Every Tuesday, Italian expat Emiko Daviesis taking us on a grand tour of Italy, showing us how to make classic, fiercely regional dishes at home.
Today: The thinnest focaccia you'll ever see has a surprise hidden inside: oozy melted cheese.
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The people of Liguria -- a region along Italy's western Riviera -- know a thing or two about how to produce a decent focaccia. The region's best known iteration, focaccia Genovese, is fluffy in the middle with a crisp crust doused in olive oil and salt flakes. It's a favorite for breakfast (dipped into cappuccino) or as a snack (often washed down with a glass of local white wine).
But Ligurian focaccia doesn't stop at one type: Towns all over Liguria produce their own focaccia. The town of Recco, known as Liguria's gastronomic capital, produces one that is a revered delicacy -- so much so that in 2012 it received IGP (protected geographical indication) status by the EU. So technically, like Champagne is only from Champagne, you can only get Focaccia di Recco in Recco.
This focaccia is rather simple: a paper-thin crust sandwiching oozy fresh cheese. As legend has it, when the citizens of Recco where in hiding during the Crusades, they created this focaccia with what little they had (flour, water, olive oil, and some cheese). Today you can find it in every bakery, pizzeria, and restaurant in town.
Like many regional specialties, the rules behind how the focaccia di Recco is produced are strictly traditional. It can be round or rectangular, but the important thing is the dough must be as thin as possible. It must be pulled and stretched by hand until you can read the newspaper through the other side. Bread flour gives the dough great elasticity, which means it's easier to stretch the dough without breaking it. You can do it with all-purpose flour, but you may need to handle it more delicately. Once the dough is less than 1 millimeter thick, it is placed on a baking sheet or pizza tray and dotted with creamy, super fresh cheese.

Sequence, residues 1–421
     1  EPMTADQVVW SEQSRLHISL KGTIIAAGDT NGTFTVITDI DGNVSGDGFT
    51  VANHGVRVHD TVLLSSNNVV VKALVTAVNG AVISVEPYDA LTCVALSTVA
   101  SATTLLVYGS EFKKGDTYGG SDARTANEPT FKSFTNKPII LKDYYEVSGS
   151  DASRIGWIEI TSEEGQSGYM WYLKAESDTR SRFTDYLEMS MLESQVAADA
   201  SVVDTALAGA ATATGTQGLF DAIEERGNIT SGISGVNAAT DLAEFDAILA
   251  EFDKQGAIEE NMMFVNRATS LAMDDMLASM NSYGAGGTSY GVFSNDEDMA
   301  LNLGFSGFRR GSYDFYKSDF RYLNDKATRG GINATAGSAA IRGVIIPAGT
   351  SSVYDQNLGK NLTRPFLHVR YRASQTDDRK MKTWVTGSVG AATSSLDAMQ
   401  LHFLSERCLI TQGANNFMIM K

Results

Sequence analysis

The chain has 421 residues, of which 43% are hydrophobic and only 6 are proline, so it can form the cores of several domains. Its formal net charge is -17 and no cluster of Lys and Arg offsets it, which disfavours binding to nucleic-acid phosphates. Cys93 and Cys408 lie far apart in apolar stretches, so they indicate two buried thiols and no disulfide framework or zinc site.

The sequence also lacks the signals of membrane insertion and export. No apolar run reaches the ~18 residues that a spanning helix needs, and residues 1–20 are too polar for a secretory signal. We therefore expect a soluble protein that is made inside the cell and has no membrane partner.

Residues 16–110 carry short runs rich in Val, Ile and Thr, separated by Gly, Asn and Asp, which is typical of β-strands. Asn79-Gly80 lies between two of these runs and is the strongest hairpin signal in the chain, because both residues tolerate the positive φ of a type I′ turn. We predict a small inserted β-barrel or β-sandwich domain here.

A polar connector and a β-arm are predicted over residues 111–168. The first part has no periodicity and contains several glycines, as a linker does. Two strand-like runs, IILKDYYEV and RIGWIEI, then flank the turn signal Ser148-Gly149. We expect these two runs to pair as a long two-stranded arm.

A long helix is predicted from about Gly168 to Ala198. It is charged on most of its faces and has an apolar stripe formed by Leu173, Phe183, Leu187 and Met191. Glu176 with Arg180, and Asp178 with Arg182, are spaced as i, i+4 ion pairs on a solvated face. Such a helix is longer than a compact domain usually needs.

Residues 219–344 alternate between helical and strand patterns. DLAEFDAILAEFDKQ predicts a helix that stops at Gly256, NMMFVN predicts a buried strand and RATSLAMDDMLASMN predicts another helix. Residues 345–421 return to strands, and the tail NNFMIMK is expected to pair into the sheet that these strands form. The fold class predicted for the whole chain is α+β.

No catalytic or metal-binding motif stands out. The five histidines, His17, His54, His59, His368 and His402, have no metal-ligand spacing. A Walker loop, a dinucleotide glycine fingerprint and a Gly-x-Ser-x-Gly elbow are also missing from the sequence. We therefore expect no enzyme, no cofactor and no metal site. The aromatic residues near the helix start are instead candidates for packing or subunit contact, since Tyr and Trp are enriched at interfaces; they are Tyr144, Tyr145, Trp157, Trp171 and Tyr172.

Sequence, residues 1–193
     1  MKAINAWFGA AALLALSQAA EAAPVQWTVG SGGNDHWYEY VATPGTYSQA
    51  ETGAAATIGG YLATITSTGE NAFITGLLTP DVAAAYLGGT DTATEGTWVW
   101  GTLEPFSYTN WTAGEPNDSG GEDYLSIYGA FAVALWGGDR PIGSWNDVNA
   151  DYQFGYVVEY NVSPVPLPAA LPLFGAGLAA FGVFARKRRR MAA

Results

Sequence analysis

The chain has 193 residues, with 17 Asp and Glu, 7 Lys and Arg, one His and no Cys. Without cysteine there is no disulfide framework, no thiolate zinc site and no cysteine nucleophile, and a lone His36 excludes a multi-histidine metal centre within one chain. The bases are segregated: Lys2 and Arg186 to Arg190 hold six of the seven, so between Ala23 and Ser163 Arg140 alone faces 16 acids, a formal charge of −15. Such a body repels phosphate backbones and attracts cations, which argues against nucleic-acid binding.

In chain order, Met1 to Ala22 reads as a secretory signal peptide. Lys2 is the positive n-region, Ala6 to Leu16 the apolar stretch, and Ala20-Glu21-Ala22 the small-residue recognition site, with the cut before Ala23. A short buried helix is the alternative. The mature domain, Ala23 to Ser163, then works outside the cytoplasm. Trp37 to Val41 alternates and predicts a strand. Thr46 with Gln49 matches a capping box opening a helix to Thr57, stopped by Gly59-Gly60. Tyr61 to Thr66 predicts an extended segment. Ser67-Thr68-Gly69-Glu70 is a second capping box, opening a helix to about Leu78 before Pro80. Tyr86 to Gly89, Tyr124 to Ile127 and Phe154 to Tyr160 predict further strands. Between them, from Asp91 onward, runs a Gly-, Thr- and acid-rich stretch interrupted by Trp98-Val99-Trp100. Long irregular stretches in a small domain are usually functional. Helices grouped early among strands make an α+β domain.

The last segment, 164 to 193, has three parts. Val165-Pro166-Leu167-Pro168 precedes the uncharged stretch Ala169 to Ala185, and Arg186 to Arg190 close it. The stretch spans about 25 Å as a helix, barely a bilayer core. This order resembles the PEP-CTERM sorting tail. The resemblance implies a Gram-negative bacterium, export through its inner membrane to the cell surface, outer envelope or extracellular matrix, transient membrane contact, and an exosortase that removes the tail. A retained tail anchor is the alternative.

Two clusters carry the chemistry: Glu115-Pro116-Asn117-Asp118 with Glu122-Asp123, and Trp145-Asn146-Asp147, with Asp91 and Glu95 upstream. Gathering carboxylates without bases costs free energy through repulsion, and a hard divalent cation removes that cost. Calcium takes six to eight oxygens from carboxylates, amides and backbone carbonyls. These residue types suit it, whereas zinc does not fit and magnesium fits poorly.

The cheese is important. It should be good quality, super fresh Crescenza or stracchino cheese. The “official” website of the focaccia di Recco uses double the amount of cheese I do -- so feel free to get cheesy on this one.
Then, another thin layer of dough is placed on top and little holes are cut to let steam escape. That top layer is brushed with olive oil and sprinkled with salt before hitting the oven until crisp and golden and the cheese has melted. It's a pure joy to eat.
3 cups (400 grams) bread flour 3/4 cup (200 milliliters) water 1/2 cup (100 milliliters) olive oil, plus more for greasing and drizzling 2 teaspoons (10 grams) salt, plus more for sprinkling 1 pound (500 grams) stracchino or Crescenza cheese
The Australian-Japanese cookbook author has lived in Florence (where a visit to a cheese farm once inspired her to start a food blog) for over 10 years with her Tuscan sommelier husband and two kids. Her third cookbook, Tortellini at Midnight, is out now.